Distribution of prescription drugs is treated under the law with the same severity as other drug distribution crimes. The same goes for possession of these drugs without a prescription. The law also does not make a distinction between cases where, for example, prescription drugs are sold to addicts to capitalize on their addition, and cases where they are sold for recreational use or as study aids to college students.
Because of this, there are often young people who find themselves facing severe criminal charges and potential prison sentences due to poor decisions in their youth. If you or your child is facing prescription drug charges, it does not have to be something that will end your life. An experienced criminal defense attorney, like those at the Law Offices of John Zarych, can help you fight prescription drug charges. For a consultation with our attorneys, call (609) 616-4956.
Prescription Drug Charges in Cape May
The general prohibition on possessing and using drugs is found in N.J.S.A. § 2C:35-10, whereas the prohibition on manufacturing, distributing, and dispensing drugs is found in § 2C:35-5. These refer not only to prescription drugs, but any drug that is classified in New Jersey’s drug “schedules.” These schedules rank from Schedule I, the worst, to Schedule V, and are found in the Food and Drug section of New Jersey’s laws, at N.J.S.A. § 24:21-5 through § 24.21-9. Some brief examples include cocaine (Schedule II), heroin (Schedule I), and crystal meth (Schedule III). For comparison, a common prescription drug, Adderall, is also a Schedule III drug. These crimes all change severity based on the schedule and weight of the drug possessed, used, or distributed.
New Jersey also has laws aimed particularly at prescription drugs. Since prescription drugs must usually be sold and dispensed by licensed pharmacists, doctors, veterinarians, or dentists, there is a specific offense aimed at distribution of prescription drugs without meeting this licensing requirement. This is found in N.J.S.A. § 2C:35-10.5. This includes distributing common prescription drugs like Adderall, Ritalin, Valium, Percoset, and Xanax.
Unlike the other drug possession and distribution crimes, this is based not on weight but on the number of doses that are distributed. The lowest level of the offense is for four or fewer doses, the middle level is for five through ninety-nine doses, and the highest level is for 100 or more doses. The punishment varies between offenses, but the highest version carries a potential punishment of a $300,000 and five to ten years in prison.
N.J.S.A. § 2C:25-24 even makes it a crime to carry your own prescription drugs, in some cases. You can certainly have your own prescription with you, but it is a crime to carry more than a ten-day supply with you outside of the original container.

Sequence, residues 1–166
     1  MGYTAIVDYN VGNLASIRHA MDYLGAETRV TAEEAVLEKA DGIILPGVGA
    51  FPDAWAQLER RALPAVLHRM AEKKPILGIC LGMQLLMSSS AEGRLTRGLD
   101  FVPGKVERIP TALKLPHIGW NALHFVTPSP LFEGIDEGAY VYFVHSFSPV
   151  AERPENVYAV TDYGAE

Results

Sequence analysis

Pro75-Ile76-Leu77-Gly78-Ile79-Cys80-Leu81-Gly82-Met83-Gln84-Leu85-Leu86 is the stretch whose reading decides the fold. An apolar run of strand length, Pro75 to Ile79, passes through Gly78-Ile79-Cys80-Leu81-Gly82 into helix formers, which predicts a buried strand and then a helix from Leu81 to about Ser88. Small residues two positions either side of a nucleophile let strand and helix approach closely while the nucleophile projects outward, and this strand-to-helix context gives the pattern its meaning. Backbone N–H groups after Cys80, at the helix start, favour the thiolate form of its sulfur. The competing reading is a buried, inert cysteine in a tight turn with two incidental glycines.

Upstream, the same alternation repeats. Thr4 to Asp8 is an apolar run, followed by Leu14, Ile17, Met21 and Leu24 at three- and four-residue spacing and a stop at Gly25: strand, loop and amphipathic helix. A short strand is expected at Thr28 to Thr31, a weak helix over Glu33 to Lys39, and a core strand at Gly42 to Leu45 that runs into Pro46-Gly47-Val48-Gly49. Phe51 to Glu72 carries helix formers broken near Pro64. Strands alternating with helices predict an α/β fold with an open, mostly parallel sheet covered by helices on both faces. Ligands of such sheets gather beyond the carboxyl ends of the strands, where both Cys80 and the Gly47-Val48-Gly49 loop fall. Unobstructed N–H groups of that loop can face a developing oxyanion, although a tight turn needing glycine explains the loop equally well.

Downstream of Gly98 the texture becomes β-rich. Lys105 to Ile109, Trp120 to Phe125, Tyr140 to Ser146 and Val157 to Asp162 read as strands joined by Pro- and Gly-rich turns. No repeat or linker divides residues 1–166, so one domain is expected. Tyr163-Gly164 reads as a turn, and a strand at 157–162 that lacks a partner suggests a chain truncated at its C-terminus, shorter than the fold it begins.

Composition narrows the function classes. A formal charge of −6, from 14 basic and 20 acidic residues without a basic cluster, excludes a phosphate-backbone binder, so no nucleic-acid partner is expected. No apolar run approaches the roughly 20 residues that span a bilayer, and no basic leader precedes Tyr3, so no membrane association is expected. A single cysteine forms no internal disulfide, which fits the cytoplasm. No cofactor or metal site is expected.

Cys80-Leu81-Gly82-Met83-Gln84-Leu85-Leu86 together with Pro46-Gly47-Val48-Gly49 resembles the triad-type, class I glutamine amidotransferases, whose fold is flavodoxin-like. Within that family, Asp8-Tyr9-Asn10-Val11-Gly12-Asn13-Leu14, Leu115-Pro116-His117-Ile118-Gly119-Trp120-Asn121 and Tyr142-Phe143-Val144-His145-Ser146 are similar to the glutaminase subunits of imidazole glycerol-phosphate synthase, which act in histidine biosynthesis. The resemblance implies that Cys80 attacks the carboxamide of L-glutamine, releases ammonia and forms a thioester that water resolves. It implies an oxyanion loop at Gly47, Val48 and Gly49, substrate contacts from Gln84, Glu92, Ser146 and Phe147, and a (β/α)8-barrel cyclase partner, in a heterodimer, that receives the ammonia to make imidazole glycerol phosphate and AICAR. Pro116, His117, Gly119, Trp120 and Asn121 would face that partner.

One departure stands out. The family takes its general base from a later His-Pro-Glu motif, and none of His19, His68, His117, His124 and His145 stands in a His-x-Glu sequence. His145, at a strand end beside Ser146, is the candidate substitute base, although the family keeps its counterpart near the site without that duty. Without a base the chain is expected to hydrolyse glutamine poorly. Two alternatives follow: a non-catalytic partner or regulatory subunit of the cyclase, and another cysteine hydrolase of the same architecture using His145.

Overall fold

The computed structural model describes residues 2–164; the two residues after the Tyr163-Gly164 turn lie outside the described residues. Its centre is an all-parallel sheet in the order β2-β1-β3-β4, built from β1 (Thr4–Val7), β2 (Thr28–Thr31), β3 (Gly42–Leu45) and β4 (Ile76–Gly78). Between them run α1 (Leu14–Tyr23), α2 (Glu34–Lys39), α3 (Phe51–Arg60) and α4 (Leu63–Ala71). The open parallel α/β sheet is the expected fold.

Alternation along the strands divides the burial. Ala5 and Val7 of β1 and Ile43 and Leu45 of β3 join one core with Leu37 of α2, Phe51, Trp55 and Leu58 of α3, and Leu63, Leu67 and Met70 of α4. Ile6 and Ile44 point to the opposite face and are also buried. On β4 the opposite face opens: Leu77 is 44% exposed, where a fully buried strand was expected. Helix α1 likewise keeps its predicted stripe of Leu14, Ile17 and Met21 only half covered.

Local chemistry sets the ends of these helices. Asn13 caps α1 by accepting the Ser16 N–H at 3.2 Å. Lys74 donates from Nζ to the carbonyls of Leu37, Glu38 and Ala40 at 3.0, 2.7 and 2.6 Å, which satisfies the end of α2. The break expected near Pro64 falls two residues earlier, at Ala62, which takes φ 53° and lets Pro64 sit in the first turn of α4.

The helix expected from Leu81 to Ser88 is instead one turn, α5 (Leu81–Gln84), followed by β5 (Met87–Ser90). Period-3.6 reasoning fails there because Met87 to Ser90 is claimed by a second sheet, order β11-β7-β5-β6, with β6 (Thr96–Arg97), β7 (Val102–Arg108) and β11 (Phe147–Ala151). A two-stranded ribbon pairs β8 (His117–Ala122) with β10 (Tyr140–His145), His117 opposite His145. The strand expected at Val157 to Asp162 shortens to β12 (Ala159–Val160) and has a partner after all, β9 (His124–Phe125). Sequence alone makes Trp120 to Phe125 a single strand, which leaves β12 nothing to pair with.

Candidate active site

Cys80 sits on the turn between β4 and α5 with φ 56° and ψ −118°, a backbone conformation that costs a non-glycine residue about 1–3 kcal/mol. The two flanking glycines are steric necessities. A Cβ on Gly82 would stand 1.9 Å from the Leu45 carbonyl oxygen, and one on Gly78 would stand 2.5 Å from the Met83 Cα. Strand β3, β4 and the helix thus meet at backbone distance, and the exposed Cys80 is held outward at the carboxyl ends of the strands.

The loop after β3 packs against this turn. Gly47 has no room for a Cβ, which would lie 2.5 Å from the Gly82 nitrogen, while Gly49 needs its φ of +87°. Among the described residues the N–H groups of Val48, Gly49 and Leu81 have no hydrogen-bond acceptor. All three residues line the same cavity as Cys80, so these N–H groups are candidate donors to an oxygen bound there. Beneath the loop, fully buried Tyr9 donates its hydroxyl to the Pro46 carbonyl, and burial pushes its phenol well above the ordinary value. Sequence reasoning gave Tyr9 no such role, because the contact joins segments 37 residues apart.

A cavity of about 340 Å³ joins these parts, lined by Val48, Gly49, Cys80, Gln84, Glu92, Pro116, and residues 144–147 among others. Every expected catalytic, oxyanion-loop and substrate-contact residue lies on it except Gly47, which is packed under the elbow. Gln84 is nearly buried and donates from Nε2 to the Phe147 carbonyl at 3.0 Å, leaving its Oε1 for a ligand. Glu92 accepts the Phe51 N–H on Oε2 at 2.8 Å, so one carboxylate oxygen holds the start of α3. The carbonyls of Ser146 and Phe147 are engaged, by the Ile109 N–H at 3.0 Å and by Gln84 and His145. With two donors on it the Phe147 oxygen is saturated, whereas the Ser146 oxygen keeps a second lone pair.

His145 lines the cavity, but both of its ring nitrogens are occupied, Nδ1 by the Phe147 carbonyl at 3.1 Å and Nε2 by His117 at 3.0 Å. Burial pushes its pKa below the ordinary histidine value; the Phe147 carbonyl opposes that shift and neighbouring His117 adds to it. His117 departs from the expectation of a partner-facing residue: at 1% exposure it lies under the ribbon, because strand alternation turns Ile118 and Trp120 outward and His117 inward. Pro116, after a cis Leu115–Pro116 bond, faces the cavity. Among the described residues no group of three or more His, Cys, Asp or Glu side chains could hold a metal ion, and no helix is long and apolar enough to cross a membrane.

Defenses to these Drug Charges
Depending on the crime you are charged with, there might be defenses built directly into the law that help protect some people from being prosecuted under these laws.
For any prescription drug charge based solely on possession, it is a defense that you possessed your own prescription. As long as this prescription was in its original bottle and you did not possess it with the intent to distribute it to others, you did not violate any laws. The fact that you owned the prescription will not be a defense if you are charged with possession with the intent to distribute. It is just illegal to sell or give out your own prescription without a license as it is to give out anyone else’s prescription; this defense will not help for possession with intent to distribute cases.
There is also a built-in defense for prescription distribution charges, called a “de minimis infraction” defense. This says that the law was broken only slightly, and in such a way that there was no real criminal action involved. For distributing prescription meds, it is illegal to give even four or less doses, but it will be considered a de minimis infraction if the following circumstances are met:
- the pills were from your own prescription,
- you did not distribute more than six doses in twenty-four hours, and
- the drugs were given to the recipient for the recipient’s personal use.
This is used to cover situations where people give others a prescription drug to use, such as loaning your family member a Valium to take before a flight. You are not supposed to share prescription meds, but at the same time, there is no real criminal intent behind an action like this.
Contact a Cape May Prescription Drug Charge Lawyer
If you or your child has been charged with a prescription drug crime in Cape May, it is important that you seek legal representation from an experienced criminal defense attorney in Cape May. The Law Offices of John Zarych serve Cape May and the surrounding area. Our attorneys will fight to get your prescription drug charges dropped. Call (609) 616-4956 for a consultation.